With preliminary results from Montana’s spring surveys showing a continued population decline of the state’s largest native upland game bird, wildlife officials will seek to close sage grouse hunting for the 2014 season.
Montana Fish, Wildlife & Parks will propose the season closure at the Fish & Wildlife Commission meeting in Fort Peck, Thursday, May 22.
Jeff Hagener, FWP director in Helena, said state biologists counted an average of 14.9 males per sage grouse strutting ground, or lek, last year and noted that preliminary indications show little or no improvement this year. Last year’s count was the lowest recorded since 1980. Montana’s long term lek-count trend is about 30 males per lek on about 90 pre-selected sage grouse strutting grounds.
“Last year’s counts dropped to 48 percent below the long term average,” Hagener said. “Our preliminary 2014 numbers show no improvement across all three of Montana’s sage grouse management zones.”
Here’s a rundown on Montana’s sage grouse lek surveys as they compare to the long term average since 2008:
2013: 14.9 males per lek; or a 48 percent below long term average
2012: 19.1 males per lek; or a 34 percent below LTA
2011: 19.2 males per lek; or a 34 percent below LTA
2010: 20.5 males per lek; or a 31 percent below LTA
2009: 23.3 males per lek; or a 23 percent below LTA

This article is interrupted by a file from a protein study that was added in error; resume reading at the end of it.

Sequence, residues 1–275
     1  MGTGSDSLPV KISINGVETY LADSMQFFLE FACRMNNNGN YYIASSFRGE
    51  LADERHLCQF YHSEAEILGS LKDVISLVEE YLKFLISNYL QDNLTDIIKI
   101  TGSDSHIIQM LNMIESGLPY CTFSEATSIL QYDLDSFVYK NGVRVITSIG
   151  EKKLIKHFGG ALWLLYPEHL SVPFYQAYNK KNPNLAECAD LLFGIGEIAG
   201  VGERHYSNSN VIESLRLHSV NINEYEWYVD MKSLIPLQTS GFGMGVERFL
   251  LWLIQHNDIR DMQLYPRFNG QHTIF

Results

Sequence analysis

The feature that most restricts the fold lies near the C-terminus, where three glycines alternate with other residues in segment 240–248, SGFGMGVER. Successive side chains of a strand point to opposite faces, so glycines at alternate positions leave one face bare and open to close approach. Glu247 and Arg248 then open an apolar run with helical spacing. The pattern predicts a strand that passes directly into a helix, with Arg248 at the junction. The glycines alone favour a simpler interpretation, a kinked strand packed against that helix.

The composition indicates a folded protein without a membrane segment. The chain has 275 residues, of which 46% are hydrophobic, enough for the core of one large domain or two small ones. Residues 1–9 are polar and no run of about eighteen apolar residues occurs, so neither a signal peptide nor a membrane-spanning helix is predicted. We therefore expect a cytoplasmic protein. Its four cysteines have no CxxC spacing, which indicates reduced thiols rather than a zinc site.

2008: 22.9 males per lek; or a 24 percent below LTA
Similar declines are being recorded in North Dakota where sage grouse hunting has been closed for the past several seasons. Final Montana counts for 2014 will be complete by the end of May and will be available for commission review at its July meeting.
For the past 10 years, the “Management Plan and Conservation Strategies for Sage Grouse in Montana” has guided sage grouse management decisions. The plan requires a hunting season closure when lek counts are at least 45 percent below the long term average for three consecutive years.
Based on this spring’s field observations, however, FWP will seek to close the sage grouse season for 2014 due to the uninterrupted downward trend in sage grouse populations that began in 2010 and the broad range wide scale of low numbers.
“Based on the declines FWP biologists are documenting on the ground, FWP recommends that the most responsible course of action at this time, which is consistent with FWP’s management plan, is to remove hunter-harvest mortality,” Hagener said.
The sage grouse, North America’s largest grouse, is best known for its distinctive spring mating rituals on breeding grounds called ‘leks.” Sage grouse are a long-lived species with low reproductive yields, which makes population recovery slow. Biologists estimate that sage grouse once could be found in 13 western states and three Canadian provinces. Today, sage grouse are found in 11 states and in southern Alberta and Saskatchewan. The native prairie bird’s remaining strongholds are in Montana, Wyoming, Idaho, Nevada, and Oregon.